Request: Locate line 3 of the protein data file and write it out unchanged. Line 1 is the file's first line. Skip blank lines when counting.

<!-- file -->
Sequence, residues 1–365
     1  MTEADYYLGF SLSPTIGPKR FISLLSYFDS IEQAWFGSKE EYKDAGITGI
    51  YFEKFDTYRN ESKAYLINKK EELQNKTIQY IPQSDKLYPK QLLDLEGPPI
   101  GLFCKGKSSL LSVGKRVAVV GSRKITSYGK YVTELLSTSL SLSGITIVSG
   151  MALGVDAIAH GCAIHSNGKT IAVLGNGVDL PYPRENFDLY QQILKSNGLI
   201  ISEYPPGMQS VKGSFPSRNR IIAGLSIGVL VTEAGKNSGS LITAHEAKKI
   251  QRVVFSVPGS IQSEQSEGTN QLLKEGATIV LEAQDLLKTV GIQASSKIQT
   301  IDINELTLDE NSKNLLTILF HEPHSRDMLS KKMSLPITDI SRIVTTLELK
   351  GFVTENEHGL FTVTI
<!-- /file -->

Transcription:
    51  YFEKFDTYRN ESKAYLINKK EELQNKTIQY IPQSDKLYPK QLLDLEGPPI